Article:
Anastasie Mukayiranga weaving a traditional basket (The New Times)
Anastasie Mukayiranga weaving a traditional basket (The New Times)

By Lydia Atieno, The New Times

After the 1994 Genocide against the Tutsi, Beatrice Bazayirwa was left with injuries that affected her arms, making them weak to a point where she can’t do any strenuous work.

Bazayirwa, who is 59-years-old, says she is lucky because she can at least do light activities like weaving, which has kept her going for a long time.

It is said that staying active boosts graceful ageing, and this is what a group of elderly women in Kimironko are doing.

After finishing their daily chores at home, a group of 10 senior women converge at their sector in the afternoon to make various crafts using different fabrics and materials.

They are all above the age of 50, but their age, they say, hasn’t stopped them from doing what they believe will be of benefit to them. 

The women are survivors of the 1994 Genocide against the Tutsi, and have found support in making baskets and other crafts. They do this to also supplement the income of their families.

“Together with my fellow widows, I find solace here, and what we do keeps us going. Whenever we are together, we share our stories, including the grievances that we go through, it also helps us come to terms with the past,” she says.

The best part about the cooperative, Bazayirwa says, is that they always give a helping hand to those who need it, which has seen them grow as a family.

The cooperative

Three years ago, before coming together to form the cooperative called Imbereheza, the women were working on an individual basis, something they say was not helpful.

Through the help of Indego Africa, a non-profit social enterprise that supports women in Rwanda through economic empowerment and education, they managed to form a cooperative.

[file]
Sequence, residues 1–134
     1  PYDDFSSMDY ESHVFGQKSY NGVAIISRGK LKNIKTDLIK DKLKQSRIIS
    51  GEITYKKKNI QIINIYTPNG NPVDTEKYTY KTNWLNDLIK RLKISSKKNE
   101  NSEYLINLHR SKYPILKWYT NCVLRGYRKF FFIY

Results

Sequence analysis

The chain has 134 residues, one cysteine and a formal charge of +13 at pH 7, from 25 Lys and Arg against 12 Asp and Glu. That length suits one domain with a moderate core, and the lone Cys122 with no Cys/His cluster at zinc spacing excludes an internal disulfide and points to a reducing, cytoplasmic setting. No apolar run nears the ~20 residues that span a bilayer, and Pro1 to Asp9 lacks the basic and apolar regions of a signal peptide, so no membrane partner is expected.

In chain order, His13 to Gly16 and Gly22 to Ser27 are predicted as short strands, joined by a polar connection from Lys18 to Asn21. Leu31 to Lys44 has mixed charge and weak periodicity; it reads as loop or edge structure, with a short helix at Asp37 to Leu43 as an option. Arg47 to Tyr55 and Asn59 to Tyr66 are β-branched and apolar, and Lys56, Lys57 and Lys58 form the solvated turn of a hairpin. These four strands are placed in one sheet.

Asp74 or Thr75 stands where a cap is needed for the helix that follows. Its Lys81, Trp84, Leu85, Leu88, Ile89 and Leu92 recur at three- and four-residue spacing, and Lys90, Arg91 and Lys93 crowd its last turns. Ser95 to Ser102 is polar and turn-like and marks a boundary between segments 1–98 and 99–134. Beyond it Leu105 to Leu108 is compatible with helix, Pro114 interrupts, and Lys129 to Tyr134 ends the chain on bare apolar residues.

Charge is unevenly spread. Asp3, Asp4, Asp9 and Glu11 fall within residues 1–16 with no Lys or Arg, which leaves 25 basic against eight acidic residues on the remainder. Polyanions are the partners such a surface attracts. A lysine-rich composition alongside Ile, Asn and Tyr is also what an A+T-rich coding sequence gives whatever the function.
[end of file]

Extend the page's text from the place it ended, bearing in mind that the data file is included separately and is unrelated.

In the cooperative, they weave baskets and have also learnt how to make necklaces, earrings and bracelets using pearls.

60-year-old Anastasie Mukayiranga says since she joined the cooperative, she has learnt new skills, and how to stay productive at her age.

She says sharing ideas with others has helped limit dullness and the feeling of being alone as you age, which is essential for her wellbeing.

The women acknowledge that forming this cooperative has taught them lot, which wouldn’t be the case if they were working individually. One of the main benefits, they say, is embracing the culture of saving. Depending on the size of the basket, their prices vary and they ensure they save at ten per cent of it.    

Peace Uwampisuka, a 69-year-old, says she can’t find a better comforting place than her cooperative, adding that this is where she gets to interact with fellow women on different issues.

“As widows, this is the place where we console ourselves. It’s not just about weaving, a lot of stuff goes on here. As you can see, we are old and this kind of activity keeps our minds active and we find joy in meeting and doing something productive,” she says.

Uwampisuka adds that it also gives her strength to keep on moving with life. 

For young people still waiting for job opportunities to come their way, Mukayiranga says they should look around and find something to do with their own hands.

“This is very important because I believe employment is a hustle to find, but if you have technical skills, you can create your own job using the tools you have, your hands being one of them,” she advises.

Due to Covid-19, they are not getting as many orders as they used to before, which is a huge setback. Their appeal, however, is to be given assistance regarding marketing their products.

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